Movie Reviews
Monday , July 24 2017
She Said: Antichrist (Can our beliefs and fears about ourselves manifest in a self-fulfilling prophecy?)

She Said: Antichrist (Can our beliefs and fears about ourselves manifest in a self-fulfilling prophecy?)

Spoiler Scale (How spoilery is this article on a scale of 1 to 10)?  10 

Antichrist is a beautifully shot and deeply disturbing film in which “He” (Willem Dafoe) and “She” (Charlotte Gainsbourg) attempt to find what’s at the top of this triangle diagram: what She pathologically fears.

After their child jumps out a window to his death while the couple has sex, She goes into a paralyzing depression that her doctor diagnoses as an “atypical pattern of grief”. The well-meaning He (also a therapist) believes He can better help Her with a combination of talk therapy and Cognitive Behavioral Therapy*, so he takes over her care.

What She tells him she most fears is “Eden”, a remote woodsy area with a cabin where She spent the prior summer writing a thesis. He takes Her there, hoping that direct exposure to Eden with no resulting consequences will alleviate Her fear. The problem is that Eden isn’t actually Her fear.

It takes Him awhile to discover this. He initially thinks She has a phobia of nature, which is logical as She says “nature is Satan’s church”, and this seems compatible with her fear of Eden where nature is everywhere. But He eventually realizes that what She really fears is Her own nature.

The research for Her thesis topic “Gynocide” focused on evil acts committed against women. During a role play session, He realizes that She had interpreted the writings as proof of the evil of women, including Herself. He says “You were supposed to be critical of those [ideas] – this is your thesis! Instead you’re embracing them!”

The film asks this question: to what extent do our beliefs or fears about ourselves affect our actual actions? And can they result in a self-fulfilling prophecy?

In this case, the answer is “yes”. The first symptom of her altered perspective is revealed in photographs showing that she repeatedly put her child’s shoes on the wrong feet during the summer they spent alone at the cabin as she was writing her thesis. We see in a flashback that this was no mistake – the child is crying with discomfort as she puts the shoes on. Later, it becomes obvious that She also believes She’s responsible for the child’s death.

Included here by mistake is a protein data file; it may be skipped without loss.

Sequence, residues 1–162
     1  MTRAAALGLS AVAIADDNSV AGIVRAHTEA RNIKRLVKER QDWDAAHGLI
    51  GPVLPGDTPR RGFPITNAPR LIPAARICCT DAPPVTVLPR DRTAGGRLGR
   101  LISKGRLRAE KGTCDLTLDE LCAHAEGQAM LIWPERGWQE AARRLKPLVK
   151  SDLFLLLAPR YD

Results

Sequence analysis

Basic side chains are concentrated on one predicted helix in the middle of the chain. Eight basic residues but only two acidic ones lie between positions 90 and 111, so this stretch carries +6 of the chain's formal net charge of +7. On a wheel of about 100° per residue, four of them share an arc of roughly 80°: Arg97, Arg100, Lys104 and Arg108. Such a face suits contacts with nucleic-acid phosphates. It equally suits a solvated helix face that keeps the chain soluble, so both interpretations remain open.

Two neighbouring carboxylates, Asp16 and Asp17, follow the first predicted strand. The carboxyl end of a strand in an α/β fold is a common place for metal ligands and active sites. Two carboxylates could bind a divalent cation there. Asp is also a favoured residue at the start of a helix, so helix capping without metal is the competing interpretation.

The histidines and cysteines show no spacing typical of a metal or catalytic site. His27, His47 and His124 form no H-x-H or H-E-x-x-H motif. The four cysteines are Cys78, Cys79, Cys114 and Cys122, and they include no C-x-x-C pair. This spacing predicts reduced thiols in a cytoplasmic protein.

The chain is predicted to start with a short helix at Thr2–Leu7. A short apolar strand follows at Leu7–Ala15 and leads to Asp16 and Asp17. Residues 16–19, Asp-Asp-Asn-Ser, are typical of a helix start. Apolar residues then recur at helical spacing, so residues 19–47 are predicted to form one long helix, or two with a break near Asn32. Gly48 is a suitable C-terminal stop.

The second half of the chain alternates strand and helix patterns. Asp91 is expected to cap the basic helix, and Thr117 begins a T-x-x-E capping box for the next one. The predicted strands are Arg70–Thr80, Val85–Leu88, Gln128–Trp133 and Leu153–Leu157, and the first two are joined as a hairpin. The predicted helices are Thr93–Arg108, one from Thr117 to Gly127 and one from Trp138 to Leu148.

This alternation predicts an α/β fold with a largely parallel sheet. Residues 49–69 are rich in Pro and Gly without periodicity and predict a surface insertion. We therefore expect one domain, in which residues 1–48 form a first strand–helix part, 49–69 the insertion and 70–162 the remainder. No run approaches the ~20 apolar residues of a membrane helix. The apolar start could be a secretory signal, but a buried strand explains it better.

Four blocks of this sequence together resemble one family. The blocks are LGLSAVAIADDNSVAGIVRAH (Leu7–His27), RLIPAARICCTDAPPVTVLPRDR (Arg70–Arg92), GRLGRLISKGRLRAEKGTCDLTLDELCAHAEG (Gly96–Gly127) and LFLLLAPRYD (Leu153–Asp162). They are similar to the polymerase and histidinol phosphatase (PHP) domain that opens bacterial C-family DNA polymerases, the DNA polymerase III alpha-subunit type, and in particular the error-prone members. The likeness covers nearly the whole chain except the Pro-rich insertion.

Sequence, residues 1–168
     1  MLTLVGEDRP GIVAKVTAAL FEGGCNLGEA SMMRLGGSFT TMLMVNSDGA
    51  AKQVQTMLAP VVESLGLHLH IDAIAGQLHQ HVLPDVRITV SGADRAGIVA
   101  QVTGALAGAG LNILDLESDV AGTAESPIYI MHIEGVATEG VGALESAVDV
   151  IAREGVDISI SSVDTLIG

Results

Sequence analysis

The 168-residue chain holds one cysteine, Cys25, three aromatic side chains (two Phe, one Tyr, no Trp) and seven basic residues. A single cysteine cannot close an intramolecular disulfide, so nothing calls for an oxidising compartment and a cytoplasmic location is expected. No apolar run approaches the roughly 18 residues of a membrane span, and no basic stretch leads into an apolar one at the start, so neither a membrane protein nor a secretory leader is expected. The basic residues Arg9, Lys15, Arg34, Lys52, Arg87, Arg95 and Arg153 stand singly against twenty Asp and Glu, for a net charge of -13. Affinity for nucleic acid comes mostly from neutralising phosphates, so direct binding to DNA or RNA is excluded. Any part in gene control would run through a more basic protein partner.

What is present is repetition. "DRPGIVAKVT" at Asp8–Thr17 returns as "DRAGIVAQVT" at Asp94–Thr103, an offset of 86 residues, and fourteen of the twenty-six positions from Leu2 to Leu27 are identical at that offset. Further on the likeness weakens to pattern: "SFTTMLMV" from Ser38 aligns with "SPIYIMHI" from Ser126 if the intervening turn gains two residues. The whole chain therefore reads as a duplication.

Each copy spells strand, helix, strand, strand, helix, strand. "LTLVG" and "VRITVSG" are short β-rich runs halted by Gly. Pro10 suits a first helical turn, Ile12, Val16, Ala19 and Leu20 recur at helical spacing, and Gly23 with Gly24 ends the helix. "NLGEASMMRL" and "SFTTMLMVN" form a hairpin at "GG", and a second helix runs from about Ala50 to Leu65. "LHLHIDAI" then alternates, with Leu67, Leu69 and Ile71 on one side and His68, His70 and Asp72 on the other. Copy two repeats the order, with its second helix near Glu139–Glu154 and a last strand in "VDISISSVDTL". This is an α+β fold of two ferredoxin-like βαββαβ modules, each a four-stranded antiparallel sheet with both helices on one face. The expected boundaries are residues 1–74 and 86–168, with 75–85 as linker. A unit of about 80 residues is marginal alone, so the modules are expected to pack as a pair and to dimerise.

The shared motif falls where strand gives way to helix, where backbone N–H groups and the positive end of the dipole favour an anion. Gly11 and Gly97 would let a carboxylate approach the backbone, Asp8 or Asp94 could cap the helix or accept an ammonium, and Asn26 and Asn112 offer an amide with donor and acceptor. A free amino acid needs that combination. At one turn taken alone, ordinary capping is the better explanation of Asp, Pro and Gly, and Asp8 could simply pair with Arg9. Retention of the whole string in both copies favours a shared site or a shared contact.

During therapy, She repeatedly engages in what I can only describe as desperate sex with Him, always very suddenly and at inappropriate moments of grief. As time goes on, it becomes apparent that She feels not only grief, but also shame and an overwhelming fear that He will discover how evil and unworthy She is, and leave Her. The sex appears to temporarily assuage Her fears, assuring Her that He does still love Her.

Her fear reaches a climax when the report of a foot bone deformity on the child’s autopsy causes Him to notice the child’s shoes were put on the wrong feet in every picture from the summer they spent alone together. At this point, in Her mind, Her ultimate fear has been realized – He has discovered how truly evil and unworthy She is.

In this moment of shame and tension, she rips off her pants and jumps on top of him and begins to perform the most desperate sex of the entire movie. She’s crying as it happens, yelling “You’re leaving me, aren’t you! You’re leaving me, you bastard!”. He responds “I’m not leaving you, I’m helping you! I love you!” And She yells “I don’t believe you! I don’t believe you!”

At this point, convinced that He is going to leave Her, She knocks him out and literally affixes a heavy weight to his calf so that He can’t leave Her. When He’s able to drag himself outside and hide from Her, She frantically searches for Him yelling “How could you leave me? You bastard!” over and over.

Later, in a moment of contrition, She drags Him inside the cabin, but doesn’t remove the weight, lying that She can’t find the wrench needed to remove it. We saw Her throw it under the cabin earlier, so both we and She know where it is.

Next, in the ultimate act of shame and self-hatred, she mutilates her own genitals after a flashback reveals that She believes She watched her child jump to his death while She chose to continue her orgasm. Did this really happen? Her face isn’t in focus at that point in the original scene, so we don’t know. All we know is that She believes She is to blame.

He eventually finds the wrench and frees himself, immediately strangling her and fulfilling the prophecy.

Would any of this have happened if She hadn’t begun to deeply fear and even believe that She was an evil and unworthy person? That’s the question this movie asks.

Grade: A (but it’s too disturbing for me to be able to recommend it to anyone in good conscience)

For the “He Said…” on Antichrist, click here.

* CBT is often used to treat phobias by directly exposing the patient to his or her fears (e.g. spiders), so that they can relearn a healthier response as nothing bad happens during the exposure.

 

About Stacey

I'm no film buff like Steven. My favorite movies before meeting Steven (which would reflect my taste independent of his influence) were Memento, The Game, Young Frankenstein, and the Princess Bride. The best movies I've discovered since meeting him include Mulholland Drive, Eternal Sunshine of the Spotless Mind, Synecdoche NY, A Serious Man, Inception, Black Swan, Melancholia, and many more that I'm not thinking of right now...

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